Since 1934, generations of students, faculty, and staff of Gloucester high school in Gloucester, Massachusetts, passed by a frame holding the tattered remains of a coat. A photo inside the frame is of former principal Albert William Bacheler, who brought the coat back from the Civil War. His story reads like a novel and is made all the more poignant by the survival of this fragile garment.
Bacheler was born in Balasore, India, in 1844 to missionary parents. He enlisted as a teenager in Company E of the 12th Regiment, New Hampshire volunteers and was promoted from private to corporal, sergeant, and finally first lieutenant. Bacheler fought in every battle the regiment engaged in except for Cold Harbor. He received injuries at Chancellorsville and Gettysburg, and was captured by Confederate forces on November 17th, 1864. Bacheler was held as a prisoner of war at the infamous Libby Prison in Richmond, Virginia where he and another soldier were able to dig to their freedom. During the three weeks between escaping and reuniting with the US Army, he was sheltered by African-Americans. One of them gave Bacheler this coat.
Returning to New Hampshire after the war, Bacheler earned his degree from Dartmouth College. The coat went with him when he became a teacher at Gloucester high school. After his retirement it was given to Roger W. Babson, Gloucester high class of 1894. Babson gave the coat to the school in 1934, at which point it was framed. The following year, a photograph of Albert W. Bacheler along with his heroic story, were printed in the 50th Anniversary Commemorative Edition of Gloucester High School Cadet.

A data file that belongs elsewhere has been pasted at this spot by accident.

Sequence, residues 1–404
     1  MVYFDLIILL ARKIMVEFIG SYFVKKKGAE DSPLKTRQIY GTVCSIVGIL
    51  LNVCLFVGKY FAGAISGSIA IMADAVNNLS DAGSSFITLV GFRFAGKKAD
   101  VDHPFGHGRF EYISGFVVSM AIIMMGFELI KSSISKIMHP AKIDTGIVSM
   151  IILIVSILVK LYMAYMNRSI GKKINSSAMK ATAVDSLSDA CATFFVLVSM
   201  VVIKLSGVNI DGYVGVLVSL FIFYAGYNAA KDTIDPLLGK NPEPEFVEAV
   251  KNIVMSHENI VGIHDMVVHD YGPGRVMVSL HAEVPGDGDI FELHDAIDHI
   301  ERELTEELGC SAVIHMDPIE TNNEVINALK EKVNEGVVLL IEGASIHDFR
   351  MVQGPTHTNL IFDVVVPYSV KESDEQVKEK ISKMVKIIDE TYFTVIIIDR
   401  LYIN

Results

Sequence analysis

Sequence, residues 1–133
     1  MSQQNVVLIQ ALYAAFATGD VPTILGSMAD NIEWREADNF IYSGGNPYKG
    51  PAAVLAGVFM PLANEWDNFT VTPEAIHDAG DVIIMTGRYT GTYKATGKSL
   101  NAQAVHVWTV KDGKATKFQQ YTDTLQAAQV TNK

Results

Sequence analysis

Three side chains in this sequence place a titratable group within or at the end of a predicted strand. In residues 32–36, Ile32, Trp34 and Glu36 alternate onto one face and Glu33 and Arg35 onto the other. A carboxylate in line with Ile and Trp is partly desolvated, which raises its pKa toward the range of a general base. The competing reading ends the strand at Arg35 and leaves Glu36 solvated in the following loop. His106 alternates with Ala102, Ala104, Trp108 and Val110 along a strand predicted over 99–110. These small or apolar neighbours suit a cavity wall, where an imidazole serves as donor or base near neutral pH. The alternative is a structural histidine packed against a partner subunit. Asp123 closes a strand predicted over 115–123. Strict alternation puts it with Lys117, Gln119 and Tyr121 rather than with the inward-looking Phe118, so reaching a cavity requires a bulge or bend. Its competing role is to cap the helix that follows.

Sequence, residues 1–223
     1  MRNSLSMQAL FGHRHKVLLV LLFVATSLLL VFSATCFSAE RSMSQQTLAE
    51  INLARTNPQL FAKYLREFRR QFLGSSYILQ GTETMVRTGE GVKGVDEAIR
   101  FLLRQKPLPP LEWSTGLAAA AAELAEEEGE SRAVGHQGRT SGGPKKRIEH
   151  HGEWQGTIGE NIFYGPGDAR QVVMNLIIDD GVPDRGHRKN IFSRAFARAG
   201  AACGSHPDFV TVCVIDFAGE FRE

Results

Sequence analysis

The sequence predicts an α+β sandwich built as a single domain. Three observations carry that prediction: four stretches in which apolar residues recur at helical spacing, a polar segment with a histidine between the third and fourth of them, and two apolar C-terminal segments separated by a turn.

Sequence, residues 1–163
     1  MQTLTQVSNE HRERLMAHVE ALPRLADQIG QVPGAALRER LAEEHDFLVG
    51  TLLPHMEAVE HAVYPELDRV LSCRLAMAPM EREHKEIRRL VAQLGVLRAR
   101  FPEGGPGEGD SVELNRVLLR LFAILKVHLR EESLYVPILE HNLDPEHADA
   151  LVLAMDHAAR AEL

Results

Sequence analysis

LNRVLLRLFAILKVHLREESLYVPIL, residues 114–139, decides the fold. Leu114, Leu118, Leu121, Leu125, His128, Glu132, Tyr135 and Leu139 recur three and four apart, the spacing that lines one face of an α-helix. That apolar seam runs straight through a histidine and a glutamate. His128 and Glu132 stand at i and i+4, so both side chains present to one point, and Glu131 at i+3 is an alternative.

The coat might have remained in its frame at the high school had concerned Gloucester parent Kim Minnaugh not noticed mold growing on the inside of the glass. Minnaugh brought the problem to the attention of the Gloucester Committee for the Arts, and Museum Textile Services was hired to assess the coat. We developed a proposal for deinfestation, cleaning, stabilization, mounting, and displaying the coat inside an existing display cabinet at the high school. Initially they contracted us only to unframe and deinfest the coat while the City of Gloucester pondered how to pay for the full treatment.
In the next blog, we will outline the conservation, mounting, and re-installation of the Bacheler coat.
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